John Mulvany On farm Consulting
Opening season price is always an interesting period for dairy farmers. It's supposedly a time to compare the payment plans of various processors. But how do you compare one payment plan with opening and closing prices against another, which then increases 10 -15 per cent after opening? No wonder there is confusion.
Most dairy farmers will appreciate that the only relevance of a quoted opening price is how it compares to last year. This year it looks as though milk price will be 20 - 25 per cent above last year; that's about $1.00 -$1.25 per kilogram milk solids above last year.
But there needs to be another stage of analysis done. Astute dairy farmers will seek information on their expected individual milk price which is determined by the volume of milk and the time of year it's produced. All processors can supply income estimations of the value of your milk.
It is worthwhile knowing the specific price considering that there can be a 25 per cent variation in the $/kilogram of milk solids across farms supplying the same processor. The range in individual milk prices has increased in recent years. This drives more questions about what on farm changes can be made to get closer to the higher range paid. In the same way that dairy farmers responded to market signals relating to cell counts years ago, they can now be 'tempted' by a pricing message, in some cases to produce milk March – July, which has been confusingly termed 'out of season' or 'flat milk' production and implies higher costs.
For those of you not aware of the history of milk pricing in Victoria, the table below summarises where the industry has been. There are similarities between now and the 1970's.
The challenge for dairy farmers is to choose a processor that pays adequately and compliments the profile, philosophy and supply pattern of their farm business. In addition, the choice of payment system must maximise profit, while not exposing the business to excessive risk - there's already enough of that in the dairy industry.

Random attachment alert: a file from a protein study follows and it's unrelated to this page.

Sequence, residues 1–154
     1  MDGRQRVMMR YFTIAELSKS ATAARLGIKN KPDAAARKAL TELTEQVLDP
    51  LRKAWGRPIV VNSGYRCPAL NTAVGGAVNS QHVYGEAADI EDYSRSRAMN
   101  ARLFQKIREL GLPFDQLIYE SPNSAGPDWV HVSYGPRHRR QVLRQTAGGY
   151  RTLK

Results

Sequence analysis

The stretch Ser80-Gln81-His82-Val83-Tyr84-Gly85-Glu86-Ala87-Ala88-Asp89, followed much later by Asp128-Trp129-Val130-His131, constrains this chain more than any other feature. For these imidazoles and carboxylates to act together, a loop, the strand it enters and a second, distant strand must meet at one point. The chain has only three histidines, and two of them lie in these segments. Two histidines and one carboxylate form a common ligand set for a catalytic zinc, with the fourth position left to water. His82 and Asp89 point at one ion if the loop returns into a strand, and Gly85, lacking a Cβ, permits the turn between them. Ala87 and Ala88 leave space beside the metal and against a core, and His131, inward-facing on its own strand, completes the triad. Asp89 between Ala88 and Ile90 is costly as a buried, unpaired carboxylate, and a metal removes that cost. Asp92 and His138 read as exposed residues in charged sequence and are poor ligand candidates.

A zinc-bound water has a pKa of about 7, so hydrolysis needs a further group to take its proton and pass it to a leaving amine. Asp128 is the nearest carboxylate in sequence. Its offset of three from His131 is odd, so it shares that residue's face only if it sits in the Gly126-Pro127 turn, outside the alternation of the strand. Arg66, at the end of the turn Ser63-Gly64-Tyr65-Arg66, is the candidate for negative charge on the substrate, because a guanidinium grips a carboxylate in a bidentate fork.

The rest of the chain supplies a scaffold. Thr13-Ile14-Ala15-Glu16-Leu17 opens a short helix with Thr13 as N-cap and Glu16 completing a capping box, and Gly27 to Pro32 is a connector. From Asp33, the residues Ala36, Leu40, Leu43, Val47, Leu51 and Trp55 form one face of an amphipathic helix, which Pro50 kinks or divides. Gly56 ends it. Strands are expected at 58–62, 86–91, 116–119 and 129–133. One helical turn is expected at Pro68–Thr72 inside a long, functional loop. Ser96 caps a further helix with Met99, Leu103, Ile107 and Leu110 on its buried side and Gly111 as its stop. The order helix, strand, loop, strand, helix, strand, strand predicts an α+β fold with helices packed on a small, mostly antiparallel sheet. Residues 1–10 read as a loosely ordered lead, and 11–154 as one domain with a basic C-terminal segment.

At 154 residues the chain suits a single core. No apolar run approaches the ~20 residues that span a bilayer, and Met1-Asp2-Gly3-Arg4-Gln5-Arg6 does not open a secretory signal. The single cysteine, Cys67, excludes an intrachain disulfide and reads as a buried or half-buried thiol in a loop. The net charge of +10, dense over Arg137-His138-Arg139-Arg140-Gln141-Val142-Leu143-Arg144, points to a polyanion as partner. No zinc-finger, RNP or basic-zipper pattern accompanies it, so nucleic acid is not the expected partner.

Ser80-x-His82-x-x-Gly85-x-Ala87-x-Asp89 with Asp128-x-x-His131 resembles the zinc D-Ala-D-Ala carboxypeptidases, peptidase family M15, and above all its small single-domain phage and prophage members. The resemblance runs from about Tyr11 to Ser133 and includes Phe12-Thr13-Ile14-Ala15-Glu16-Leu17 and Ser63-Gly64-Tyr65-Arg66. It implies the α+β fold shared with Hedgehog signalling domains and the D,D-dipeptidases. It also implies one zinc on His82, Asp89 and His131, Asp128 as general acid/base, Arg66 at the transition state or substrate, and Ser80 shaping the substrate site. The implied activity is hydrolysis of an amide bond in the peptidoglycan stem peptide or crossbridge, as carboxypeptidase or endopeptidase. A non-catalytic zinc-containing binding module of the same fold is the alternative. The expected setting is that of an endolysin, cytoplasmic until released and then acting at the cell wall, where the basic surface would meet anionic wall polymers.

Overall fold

It may help with decision making to define two terms used in milk pricing.
Seasonal milk production
This does not necessarily mean a spring calving herd. It means producing milk to match the pasture/crop curve on your farm, which many farms can do out of spring. Cows directly harvesting feed is a well recognised key to profit. In Gippsland for example, at Yanakie, this can be achieved May to November, with high winter pasture growth rates; similarly with a north-facing red soil farm at Warragul. At Neerim South, it might be August to April, and in the Macalister Irrigation District it might be July to June, given plenty of water.
In other words all farms have a blend of natural attributes, enhanced by good farm management, which generates a low cost feed pattern for their farm. This can then be matched with the herd's requirements.
The result across Victoria is hundreds of low risk, seasonal calving farms with individual production patterns. In fact, some farms that have split calving, which is perceived to be 'higher cost', have lower feed costs due to the ability to manipulate feed demand periods.